When I was in ninth grade, I read William Golding's Lord of the Flies. It was my first exposure to a formal discussion of conflict as the engine that drives the story. We looked at the four primary types of conflict:

An excellent post on the nature of conflict can be found here.

My take on the topic? It's pretty simple. Conflict should engage two central storytelling elements:

  • A decision or choice for out protagonist(s) to make
  • Real consequences as a result of that decision

It manifests itself in any number of ways, but the outcome is almost always explicit action. Fight or flight? Over the Misty Mountains or through the Mines of Moria (and yes, despite Randall's analysis here, I am in the LOTR camp)? Dash out Piggy's brains with a conch shell or retain that final shred of humanity?

The major distinction to make is analyzing the arc of your story. Complication marks the outset of conflict. It's the stage in the narrative structure that precipitates the choice the protagonist(s) need to make. It's the catalyst that creates the choice that will drive the tension of your plot toward the climax (the reader payoff, baby).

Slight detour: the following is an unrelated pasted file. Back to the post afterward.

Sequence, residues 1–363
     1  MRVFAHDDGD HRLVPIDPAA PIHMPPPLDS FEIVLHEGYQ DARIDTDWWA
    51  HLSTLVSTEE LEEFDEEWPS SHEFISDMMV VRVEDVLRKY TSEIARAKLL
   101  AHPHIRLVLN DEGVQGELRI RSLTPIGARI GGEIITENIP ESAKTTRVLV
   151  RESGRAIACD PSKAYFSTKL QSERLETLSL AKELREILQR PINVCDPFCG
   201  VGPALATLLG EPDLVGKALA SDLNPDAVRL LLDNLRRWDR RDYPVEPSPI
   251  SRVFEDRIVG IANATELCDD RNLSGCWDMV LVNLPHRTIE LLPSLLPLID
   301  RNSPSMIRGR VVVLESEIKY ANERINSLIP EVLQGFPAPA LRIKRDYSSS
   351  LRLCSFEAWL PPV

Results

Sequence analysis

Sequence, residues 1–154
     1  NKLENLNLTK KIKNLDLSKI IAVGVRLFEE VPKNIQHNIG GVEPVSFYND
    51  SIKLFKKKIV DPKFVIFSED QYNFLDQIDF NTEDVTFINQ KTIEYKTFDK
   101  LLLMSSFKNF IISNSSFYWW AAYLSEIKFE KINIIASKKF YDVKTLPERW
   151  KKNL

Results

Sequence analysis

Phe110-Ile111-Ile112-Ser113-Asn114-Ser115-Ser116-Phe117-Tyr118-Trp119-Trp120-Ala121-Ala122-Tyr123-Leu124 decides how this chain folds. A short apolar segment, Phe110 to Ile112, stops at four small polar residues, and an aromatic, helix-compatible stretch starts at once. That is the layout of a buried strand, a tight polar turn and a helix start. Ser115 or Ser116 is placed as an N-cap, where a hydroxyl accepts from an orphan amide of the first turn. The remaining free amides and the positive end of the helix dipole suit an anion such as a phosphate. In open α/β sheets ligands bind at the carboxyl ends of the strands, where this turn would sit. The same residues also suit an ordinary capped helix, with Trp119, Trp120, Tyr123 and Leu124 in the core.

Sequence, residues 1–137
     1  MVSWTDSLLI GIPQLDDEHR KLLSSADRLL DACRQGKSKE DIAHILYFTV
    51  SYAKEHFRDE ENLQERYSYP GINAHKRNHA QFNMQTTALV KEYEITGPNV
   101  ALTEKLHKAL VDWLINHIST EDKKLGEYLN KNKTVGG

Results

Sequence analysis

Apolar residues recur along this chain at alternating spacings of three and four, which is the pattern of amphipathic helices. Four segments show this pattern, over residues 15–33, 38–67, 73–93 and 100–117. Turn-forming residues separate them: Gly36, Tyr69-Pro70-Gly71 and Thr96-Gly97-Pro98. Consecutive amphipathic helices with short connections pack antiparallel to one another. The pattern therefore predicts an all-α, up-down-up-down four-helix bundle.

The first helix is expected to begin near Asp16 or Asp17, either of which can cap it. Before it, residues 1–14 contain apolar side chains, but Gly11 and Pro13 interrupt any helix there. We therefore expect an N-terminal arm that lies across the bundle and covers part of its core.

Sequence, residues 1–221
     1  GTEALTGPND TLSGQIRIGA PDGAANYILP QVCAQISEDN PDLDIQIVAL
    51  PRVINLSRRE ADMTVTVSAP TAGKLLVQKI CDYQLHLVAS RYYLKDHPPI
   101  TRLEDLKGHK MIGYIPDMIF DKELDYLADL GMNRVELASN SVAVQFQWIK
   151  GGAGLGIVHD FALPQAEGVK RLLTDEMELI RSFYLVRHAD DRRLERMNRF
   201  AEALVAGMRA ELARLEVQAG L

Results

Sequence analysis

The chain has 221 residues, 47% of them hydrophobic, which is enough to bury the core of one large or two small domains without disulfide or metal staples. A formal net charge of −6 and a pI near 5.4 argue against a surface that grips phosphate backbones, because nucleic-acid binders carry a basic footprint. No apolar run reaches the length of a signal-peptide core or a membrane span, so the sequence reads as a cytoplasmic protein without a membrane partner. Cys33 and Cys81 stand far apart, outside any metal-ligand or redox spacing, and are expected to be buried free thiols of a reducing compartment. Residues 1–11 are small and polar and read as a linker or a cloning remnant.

So when it comes time to sketch out that next project, ask yourself a few questions:

  • How do I want to test my hero or heroes?
  • What do I want to their actions to say about their character?
  • What details need to precipitate this test?

Drawing a line between the complication and the conflict will lead to tighter plotting and make for a stronger piece. That said, which examples of conflict are most memorable in your experiences with literature?

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